• Mt Reynolds

    Glacier

    National Park Montana

MythBusters Glacier Style

We hear the strangest things. Can you help us dispel some myths about Glacier National Park that are floating around out there? By working together, all of us (NPS, visitors, tourists, chambers of commerce, businesses) can spread the positive messages about Glacier National Park and correct any rumors. We need to bust some myths! We can't do it alone and need your help.

Myth: Because the Going-to-the-Sun Road isn't open, Glacier is closed.

Busted: The first part is a complete myth (we'll get to that later). Glacier National Park is always open. It is open 365 days a year, 24/7. Each season offers unique opportunities for visitors. Visit our Operating Hours & Seasons page.



Myth: The Going-to-the-Sun Road is closed.

Busted: Most people think that when the alpine section of the road is inaccessible due to feet of snow, the entire road must be closed. Not true. There are sections of the Going-to-the-Sun Road that are always open. These sections provide access to great recreational opportunities. Also, sections of the Going-to-the-Sun Road are plowed all winter to allow winter access for skiers and snowshoers. Visit our Current Road Status and Snowshoeing and Skiing pages.



Myth: Because the Going-to-the-Sun Road is closed (myth, we just busted it) there is nowhere else to drive.

Busted: There are many miles of park roads to explore. That means there are plenty of places to drive to, and plenty of things to do and see along the way. Visit our Current Road Status page.



Myth: I'm growing vegetables, flowers, and have the AC cranked up, there can't be any snow on the Going-to-the-Sun Road.

Busted: Some people say, "the proof is in the pudding," but we say it's in the pictures. The pictures on our Flickr site tell the story of the snowpack on the Going-to-the-Sun Road. It is amazing how much snow the mountains receive that our plowing crews have to remove.

In 1953 there were employee fatalities while plowing the Going-to-the-Sun Road. We take the safety of employees, contractors, and visitors seriously. We don't want a fatality to ever happen again. We have avalanche forecasters who look at snow conditions to determine whether the conditions are right, or too dangerous, for plowing operations to occur. Take a look at the Flickr site to see the conditions our crews face, and the view from their equipment (yikes). You can be assured that we work hard and diligently to plow and remove snow. We know you want to drive the entire length of the road. We do too.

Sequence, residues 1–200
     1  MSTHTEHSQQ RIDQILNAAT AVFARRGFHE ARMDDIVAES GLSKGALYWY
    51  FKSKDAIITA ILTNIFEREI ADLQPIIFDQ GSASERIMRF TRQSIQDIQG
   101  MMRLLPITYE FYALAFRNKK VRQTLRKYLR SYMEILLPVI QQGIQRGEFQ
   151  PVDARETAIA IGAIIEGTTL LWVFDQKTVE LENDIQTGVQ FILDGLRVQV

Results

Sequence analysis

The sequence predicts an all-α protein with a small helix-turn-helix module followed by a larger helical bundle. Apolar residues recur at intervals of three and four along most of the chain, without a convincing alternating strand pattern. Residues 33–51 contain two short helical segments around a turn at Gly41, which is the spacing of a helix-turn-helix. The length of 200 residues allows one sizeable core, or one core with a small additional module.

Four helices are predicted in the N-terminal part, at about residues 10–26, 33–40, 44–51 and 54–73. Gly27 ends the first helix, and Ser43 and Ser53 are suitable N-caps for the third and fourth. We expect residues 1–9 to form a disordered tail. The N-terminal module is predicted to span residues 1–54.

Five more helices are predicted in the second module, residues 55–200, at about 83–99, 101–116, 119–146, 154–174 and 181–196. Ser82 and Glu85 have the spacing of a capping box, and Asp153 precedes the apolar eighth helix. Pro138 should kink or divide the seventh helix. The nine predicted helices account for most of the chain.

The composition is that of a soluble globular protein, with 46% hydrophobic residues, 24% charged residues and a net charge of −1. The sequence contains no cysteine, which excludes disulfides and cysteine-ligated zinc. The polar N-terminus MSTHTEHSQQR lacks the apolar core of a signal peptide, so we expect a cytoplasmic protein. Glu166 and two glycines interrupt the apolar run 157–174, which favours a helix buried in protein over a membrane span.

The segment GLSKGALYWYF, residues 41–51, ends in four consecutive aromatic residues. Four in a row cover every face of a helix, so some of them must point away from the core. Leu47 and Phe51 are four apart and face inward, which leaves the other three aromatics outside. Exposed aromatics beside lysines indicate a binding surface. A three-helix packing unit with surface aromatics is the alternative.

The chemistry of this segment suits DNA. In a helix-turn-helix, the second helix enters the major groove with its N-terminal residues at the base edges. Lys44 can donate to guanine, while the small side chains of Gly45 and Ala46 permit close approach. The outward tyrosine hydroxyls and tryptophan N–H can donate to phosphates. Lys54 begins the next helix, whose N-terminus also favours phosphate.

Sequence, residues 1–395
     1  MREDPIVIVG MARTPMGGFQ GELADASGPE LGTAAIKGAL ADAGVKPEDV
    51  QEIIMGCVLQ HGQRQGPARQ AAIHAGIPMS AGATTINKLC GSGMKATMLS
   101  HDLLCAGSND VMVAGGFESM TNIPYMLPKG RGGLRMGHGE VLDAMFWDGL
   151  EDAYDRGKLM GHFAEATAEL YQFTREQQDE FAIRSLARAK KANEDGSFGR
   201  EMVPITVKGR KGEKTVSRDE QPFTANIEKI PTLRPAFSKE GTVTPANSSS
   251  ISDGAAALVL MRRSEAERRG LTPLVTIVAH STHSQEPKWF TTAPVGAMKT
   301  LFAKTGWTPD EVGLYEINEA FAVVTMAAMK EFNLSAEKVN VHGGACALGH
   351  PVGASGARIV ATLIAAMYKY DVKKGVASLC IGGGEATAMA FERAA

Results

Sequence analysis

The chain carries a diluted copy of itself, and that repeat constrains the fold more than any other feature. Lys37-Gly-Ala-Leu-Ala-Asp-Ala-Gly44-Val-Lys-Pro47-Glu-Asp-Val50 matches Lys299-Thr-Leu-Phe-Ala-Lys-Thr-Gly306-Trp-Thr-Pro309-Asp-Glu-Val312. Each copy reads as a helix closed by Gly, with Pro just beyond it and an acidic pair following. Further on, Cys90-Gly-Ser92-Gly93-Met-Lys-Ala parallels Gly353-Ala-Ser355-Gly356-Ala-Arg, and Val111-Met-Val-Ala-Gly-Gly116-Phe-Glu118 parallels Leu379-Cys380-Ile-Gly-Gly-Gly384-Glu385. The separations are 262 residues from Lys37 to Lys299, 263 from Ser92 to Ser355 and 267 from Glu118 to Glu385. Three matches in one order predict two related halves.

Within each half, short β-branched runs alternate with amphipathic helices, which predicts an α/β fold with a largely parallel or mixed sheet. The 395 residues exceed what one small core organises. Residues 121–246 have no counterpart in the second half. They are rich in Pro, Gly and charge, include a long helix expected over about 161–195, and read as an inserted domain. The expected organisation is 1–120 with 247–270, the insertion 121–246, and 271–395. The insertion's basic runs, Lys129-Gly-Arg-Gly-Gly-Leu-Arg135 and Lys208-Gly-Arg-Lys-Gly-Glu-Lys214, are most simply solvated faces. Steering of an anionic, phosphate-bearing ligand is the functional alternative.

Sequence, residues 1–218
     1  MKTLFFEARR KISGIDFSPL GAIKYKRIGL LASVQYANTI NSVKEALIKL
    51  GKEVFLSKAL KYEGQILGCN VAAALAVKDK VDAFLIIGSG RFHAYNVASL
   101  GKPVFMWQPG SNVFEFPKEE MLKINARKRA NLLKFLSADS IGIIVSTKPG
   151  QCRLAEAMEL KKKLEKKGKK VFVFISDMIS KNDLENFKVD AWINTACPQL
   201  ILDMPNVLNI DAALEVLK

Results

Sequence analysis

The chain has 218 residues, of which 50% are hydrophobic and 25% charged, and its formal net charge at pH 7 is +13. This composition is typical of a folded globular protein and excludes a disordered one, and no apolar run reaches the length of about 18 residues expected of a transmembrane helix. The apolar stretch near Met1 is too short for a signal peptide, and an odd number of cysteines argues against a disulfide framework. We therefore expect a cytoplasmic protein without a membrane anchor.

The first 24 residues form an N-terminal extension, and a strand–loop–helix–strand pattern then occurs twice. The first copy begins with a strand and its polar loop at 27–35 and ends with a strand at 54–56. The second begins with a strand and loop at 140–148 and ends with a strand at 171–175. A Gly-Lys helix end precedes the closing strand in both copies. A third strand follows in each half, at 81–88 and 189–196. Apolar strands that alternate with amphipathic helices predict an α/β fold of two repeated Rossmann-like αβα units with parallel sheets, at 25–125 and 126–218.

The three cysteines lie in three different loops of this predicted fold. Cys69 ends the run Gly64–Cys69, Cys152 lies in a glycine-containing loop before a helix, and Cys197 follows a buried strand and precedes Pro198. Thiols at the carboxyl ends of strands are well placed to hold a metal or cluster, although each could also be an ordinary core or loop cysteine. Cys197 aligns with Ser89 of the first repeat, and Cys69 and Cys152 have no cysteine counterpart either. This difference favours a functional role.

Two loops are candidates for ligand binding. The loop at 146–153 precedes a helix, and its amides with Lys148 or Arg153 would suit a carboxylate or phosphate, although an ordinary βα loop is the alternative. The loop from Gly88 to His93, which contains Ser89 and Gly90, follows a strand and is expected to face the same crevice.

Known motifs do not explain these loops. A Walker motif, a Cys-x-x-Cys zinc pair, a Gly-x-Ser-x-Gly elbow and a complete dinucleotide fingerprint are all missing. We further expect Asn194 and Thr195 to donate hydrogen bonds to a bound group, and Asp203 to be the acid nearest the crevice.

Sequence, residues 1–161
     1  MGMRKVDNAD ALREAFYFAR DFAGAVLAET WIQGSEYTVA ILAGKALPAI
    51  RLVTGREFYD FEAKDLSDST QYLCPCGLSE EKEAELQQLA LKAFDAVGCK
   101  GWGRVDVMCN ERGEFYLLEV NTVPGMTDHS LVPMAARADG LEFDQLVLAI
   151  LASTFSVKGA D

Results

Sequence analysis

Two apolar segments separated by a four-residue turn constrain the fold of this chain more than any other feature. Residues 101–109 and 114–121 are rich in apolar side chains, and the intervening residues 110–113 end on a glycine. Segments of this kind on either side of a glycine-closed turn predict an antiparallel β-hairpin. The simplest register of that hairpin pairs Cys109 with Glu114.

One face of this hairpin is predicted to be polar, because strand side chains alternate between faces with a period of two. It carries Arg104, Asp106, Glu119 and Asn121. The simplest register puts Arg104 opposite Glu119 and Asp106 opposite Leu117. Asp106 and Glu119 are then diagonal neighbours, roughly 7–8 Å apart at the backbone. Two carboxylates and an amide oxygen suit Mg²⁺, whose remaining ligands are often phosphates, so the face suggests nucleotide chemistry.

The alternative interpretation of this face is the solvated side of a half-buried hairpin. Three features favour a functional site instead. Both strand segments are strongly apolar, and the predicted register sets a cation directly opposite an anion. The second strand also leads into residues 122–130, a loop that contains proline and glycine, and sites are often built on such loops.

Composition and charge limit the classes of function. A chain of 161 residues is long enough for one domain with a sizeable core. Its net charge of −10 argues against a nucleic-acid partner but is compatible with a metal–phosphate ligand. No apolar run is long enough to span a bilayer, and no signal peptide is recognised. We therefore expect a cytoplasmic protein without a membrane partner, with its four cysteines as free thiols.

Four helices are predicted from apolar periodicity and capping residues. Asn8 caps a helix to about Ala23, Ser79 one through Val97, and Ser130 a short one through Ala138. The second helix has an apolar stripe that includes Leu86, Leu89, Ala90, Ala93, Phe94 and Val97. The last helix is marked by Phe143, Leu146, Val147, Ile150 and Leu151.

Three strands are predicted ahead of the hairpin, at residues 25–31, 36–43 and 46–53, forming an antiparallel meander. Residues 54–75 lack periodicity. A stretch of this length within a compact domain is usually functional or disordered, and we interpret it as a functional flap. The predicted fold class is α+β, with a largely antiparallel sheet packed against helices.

Myth: We know when the Going-to-the-Sun Road will open over Logan Pass.

Busted: Park Rangers are better at interpreting rocks and geologic features than we are at reading crystal balls. As in years past, we have no idea when it will completely open over Logan Pass; there are too many variables like weather and other forces of nature that make predicting the opening over Logan Pass impossible. One thing is certain, there are park roads that are open. Visit our Current Road Status page.



Myth: If Logan Pass isn't accessible, you should cancel your trip.

Busted: That would be unfortunate. We get calls, emails, tweets, and Facebook messages from people everyday considering canceling their trips because they might not be able to get to Logan Pass. Oh, how they would miss out on a wonderful time. Logan Pass represents a fraction of all of Glacier National Park. When you consider all the miles of hiking trails, the numerous services, facilities, activities, and wildlife, there is more to do in other accessible areas than there is at Logan Pass. Logan Pass is pretty, there is no question about that, but there are so many spectacular Places to Go that make a trip to Glacier National Park in any season worth it.



Myth: I can't go boating on the lakes in Glacier National Park.

Busted: You can, but it involves a simple, painless, and free boat inspection from our friendly staff. This is to help stop aquatic hitchhikers. Aquatic hitchhikers (aquatic invasive species) like quagga mussels could really ruin the lakes in Glacier National Park and have long-lasting negative impacts on not just our waters, but waters within the state of Montana. Help us stop Aquatic Invasive Species. We'll even give you some fishing tips.



Myth: A trip to Glacier National Park isn't worth it.

Busted: *gasp* Glacier National Park has long been known as the "Crown of the Continent" and the "Backbone of the World." Glacier National Park will not disappoint. There is something for everyone, and we welcome you to this unspoiled corner of northwest Montana.


Thank you for helping us bust some myths and rumors out there. We really appreciate your help.

Did You Know?

Snow can fall at any time of the year in Glacier

Did you know that eight inches of snow fell during one night in Glacier's high country in August, 2005? The weather forced hundreds of backpackers out of the backcountry.